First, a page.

Dark Star Orchestra @ The Capitol Theatre – May 9
Words: Chad Berndtson
They’re a tribute group, yes, and there will always be fans that just can’t get past that as a fundamental flaw. But I’ll say it again knowing full well what I’m in for: Dark Star Orchestra is the band from which I get the most Grateful Dead nourishment out of any touring ensemble these days.
I know what you’re saying, and some days, you’re right. And, look, I like Furthur just fine. And if Phil stops through with just about any group of Friends, I’m in. And Bob will be back soon in fighting shape, I’m sure, and I can’t wait to see what comes out of TRI Studios and Weir Here next. And 7 Walkers has so many great reasons for being, one of which is keeping Bill Kreutzmann out there and playing. And if you haven’t yet experienced the current, space-a-delic lineup of the Mickey Hart Band, you’re missing a group that’s become a must-see – an event – in a very short amount of time.
But I keep going back to DSO – and I said “going back,” not “falling back.” Consider: they’re closing in on 2,200 shows – the band they salute topped out at 2,315, remember – and despite tragedy, lineup shifts and the ever-more-challenging economic stressors placed on a touring rock ‘n’ roll band, they’ve not only endured, but remain ubiquitous, with some national markets able to count on two, sometimes three visits per year.
They’ve done all this without deviating from the core mission, yet they play their asses off every night at a musical and improvisational level that hasn’t once devolved into gimmickry. They’ve earned the respect of the surviving Grateful Dead members themselves — who’ve sat in with the group on several occasions and even plucked one of their former core members — not to mention legions of other folks holding stakes in the Dead legacy.
I thought about all this heading into the revitalized Capitol Theater – itself a hugely significant location in Dead lore — for DSO’s spring/summer tour opener Thursday, where, as was widely anticipated, they recreated a legendary Port Chester Dead show from the very same venue. Far have they come, and uniquely so, in that they’ve created their own legacy while devoting themselves almost entirely to another band’s. I’m comforted and excited it’s all going to continue, even with another major transition – the departure of bassist and longest-tenured DSO member Kevin Rosen – pending.
The Cap was comfortably crowded, meaning a lot of people there but plenty of room to move, dance and bliss out. And bliss this was: an extremely generous setlist selection that both paid tribute to the temple – Rob Barraco: “I wish we could play here every night” – and made a statement about DSO’s intensity, versatility and resolve.
The original 11/6/70 Dead show was an acoustic set and a long electric set (and a New Riders set), but DSO split the electric set into logical halves. The effect over three and a half wondrous hours was of a well-paced meal: a warm, folksy acoustic-set appetizer; a buoyant first electric set that nailed the herky-jerky, start-stop feel of 1970 Dead setlists that had one foot in the late 60s and one foot in the Americana to come; a monster, Pigpen-centric boogie-fest freakout second electric set; and a tasty dessert filler of Easy Wind and a just-right Ripple.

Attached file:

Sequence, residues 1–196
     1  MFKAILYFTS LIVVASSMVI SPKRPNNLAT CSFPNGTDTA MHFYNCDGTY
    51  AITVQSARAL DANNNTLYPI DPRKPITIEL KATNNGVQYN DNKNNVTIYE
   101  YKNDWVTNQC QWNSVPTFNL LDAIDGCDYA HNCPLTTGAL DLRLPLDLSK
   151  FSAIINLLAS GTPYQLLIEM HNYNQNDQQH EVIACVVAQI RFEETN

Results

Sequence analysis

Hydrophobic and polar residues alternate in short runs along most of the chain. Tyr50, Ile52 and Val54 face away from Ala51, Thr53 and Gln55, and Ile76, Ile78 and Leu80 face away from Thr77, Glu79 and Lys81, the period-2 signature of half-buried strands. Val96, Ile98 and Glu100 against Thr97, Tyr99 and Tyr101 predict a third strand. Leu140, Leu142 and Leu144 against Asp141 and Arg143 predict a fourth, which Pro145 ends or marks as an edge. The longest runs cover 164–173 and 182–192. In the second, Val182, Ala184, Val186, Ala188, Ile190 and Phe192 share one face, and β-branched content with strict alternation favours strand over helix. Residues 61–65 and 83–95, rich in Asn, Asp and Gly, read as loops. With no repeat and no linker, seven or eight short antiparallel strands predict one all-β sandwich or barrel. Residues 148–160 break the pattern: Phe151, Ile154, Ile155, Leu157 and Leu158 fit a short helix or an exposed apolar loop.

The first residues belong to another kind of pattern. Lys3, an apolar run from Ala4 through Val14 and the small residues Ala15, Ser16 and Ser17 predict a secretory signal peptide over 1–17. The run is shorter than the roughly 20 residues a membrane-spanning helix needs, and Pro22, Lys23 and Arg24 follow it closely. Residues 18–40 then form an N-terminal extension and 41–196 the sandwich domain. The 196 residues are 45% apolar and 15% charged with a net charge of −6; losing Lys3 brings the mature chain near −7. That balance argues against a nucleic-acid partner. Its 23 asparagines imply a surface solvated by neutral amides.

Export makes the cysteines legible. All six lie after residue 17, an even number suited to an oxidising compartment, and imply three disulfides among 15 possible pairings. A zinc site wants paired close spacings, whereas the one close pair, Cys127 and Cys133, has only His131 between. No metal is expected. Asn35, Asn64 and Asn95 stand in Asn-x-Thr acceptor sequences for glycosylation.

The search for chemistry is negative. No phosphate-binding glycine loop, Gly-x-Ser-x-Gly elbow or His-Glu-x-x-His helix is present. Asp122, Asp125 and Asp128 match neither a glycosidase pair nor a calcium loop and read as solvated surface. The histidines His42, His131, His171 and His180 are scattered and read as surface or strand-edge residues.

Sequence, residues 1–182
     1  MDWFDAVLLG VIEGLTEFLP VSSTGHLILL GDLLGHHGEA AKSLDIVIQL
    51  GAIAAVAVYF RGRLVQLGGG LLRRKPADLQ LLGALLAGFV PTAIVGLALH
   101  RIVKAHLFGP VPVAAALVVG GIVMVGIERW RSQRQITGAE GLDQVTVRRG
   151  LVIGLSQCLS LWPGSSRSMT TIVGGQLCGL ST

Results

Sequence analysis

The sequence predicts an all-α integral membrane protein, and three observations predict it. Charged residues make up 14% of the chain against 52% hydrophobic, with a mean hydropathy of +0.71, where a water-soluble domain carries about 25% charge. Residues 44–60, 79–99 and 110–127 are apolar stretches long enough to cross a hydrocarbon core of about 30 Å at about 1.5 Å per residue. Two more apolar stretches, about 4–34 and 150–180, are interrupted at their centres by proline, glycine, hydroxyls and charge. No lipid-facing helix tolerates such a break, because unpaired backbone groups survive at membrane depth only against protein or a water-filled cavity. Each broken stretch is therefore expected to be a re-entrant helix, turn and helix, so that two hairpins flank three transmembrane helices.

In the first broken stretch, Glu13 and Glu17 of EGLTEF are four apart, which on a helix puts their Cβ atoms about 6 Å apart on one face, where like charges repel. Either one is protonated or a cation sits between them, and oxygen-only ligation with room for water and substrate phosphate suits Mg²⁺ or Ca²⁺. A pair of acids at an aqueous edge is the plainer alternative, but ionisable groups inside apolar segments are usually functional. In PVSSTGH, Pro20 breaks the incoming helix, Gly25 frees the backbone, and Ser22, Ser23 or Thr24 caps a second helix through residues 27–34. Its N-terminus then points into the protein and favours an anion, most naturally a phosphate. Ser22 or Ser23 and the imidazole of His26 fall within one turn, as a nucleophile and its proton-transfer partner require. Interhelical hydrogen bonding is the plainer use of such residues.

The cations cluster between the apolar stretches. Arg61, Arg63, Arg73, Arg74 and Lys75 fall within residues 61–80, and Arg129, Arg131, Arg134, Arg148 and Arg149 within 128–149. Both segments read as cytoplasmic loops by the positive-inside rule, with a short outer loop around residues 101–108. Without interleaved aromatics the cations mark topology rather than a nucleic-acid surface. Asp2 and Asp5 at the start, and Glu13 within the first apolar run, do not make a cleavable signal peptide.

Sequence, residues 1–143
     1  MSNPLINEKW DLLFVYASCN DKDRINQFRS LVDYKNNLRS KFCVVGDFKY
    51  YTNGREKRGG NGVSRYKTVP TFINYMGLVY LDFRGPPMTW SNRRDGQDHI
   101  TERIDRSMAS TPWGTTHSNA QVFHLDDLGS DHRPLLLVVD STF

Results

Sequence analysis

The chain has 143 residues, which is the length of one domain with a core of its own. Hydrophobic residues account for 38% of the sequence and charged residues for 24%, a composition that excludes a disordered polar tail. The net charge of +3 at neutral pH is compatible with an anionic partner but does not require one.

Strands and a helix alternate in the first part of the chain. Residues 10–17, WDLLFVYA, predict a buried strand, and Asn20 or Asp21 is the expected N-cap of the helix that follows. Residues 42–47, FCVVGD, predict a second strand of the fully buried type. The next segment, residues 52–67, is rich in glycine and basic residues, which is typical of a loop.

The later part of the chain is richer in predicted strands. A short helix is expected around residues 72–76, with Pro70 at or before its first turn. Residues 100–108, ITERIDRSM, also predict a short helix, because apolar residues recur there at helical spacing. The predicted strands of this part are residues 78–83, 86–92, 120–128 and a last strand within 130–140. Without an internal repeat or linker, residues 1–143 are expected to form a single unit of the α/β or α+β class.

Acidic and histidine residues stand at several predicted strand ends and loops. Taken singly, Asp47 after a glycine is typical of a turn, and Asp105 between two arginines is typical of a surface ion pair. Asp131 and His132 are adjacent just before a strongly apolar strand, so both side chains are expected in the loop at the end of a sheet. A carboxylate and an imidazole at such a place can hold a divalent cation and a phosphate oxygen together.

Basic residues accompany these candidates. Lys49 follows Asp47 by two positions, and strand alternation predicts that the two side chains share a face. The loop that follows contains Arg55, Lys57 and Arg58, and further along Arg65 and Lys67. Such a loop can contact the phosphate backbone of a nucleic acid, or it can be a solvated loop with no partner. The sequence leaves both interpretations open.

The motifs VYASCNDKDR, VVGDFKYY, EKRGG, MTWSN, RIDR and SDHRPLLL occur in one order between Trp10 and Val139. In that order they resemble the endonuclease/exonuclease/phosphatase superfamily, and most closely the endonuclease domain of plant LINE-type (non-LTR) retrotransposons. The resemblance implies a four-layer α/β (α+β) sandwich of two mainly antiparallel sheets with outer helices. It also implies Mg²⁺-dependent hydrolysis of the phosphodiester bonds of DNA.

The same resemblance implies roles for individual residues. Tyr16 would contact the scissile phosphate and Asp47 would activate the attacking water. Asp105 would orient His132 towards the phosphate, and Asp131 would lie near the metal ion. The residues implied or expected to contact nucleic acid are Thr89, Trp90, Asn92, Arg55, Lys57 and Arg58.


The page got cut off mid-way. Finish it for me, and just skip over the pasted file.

It was possible to admire period details: the filthy King Bee (hi Lisa Mackey back there on crisp harmonica!), the gossamer Dark Hollow, the spectral weirdness of the Mickey Hart-created Main Ten excursion, the China/Rider combo that in 1970 was still finding its legs and which DSO deftly played at the clipped, abruptly-transitioning pace of the era, the Mountain Jam (!) detour during that long, collapsing-star journey through Not Fade Away.
It was also possible just to absorb the flow of music, especially in the second electric set’s sinewy, continuous suite and unrelenting showcase for Jeff Mattson’s alternately starry and gnarly progressions. Everyone in the band had much to offer, especially Barraco, who wears his clear, unabashed love for Pigpen raps with every beatific grin and bounce in his legs.
Yes, this was a show high on Dead geek curios and rewards. It was also the first show for bassist Skip Vangelas, who’s among the rotating cast filling Rosen’s bass chair after Rosen (who is out for the six NYC-area shows but will return later this month leading up to his planned June 1 finale) transitions. If Vangelas gets the permanent job, you’d find no argument here. Tentative and even-keeled at first, he found his groove midway through the first electric set and started to take chances, such that by the dance-a-thon Not Fade Away sandwich you felt him, full-bore. He’ll be A.O.K.
DSO performed 11/6/70, Capitol Theater, Port Chester, NY (note: original show was one long electric set, not split)
Set 1 (acoustic): Don’t Ease Me In, Deep Elem Blues, Dark Hollow, Friend of the Devil, The Rub, Black Peter, El Paso, Brokedown Palace, Uncle John’s Band
Set 2 (electric): Casey Jones, Me and My Uncle, King Bee, China Cat Sunflower > I Know You Rider, Truckin’, Candyman, Sugar Magnolia, Good Lovin’ > drums > The Main Ten > Good Lovin’
Set 3 (electric): Alligator > Jam > Not Fade Away > Goin’ Down the Road Feelin’ Bad > Mountain Jam > Not Fade Away > Caution > Turn On Your Lovelight
Filler: Easy Wind, Ripple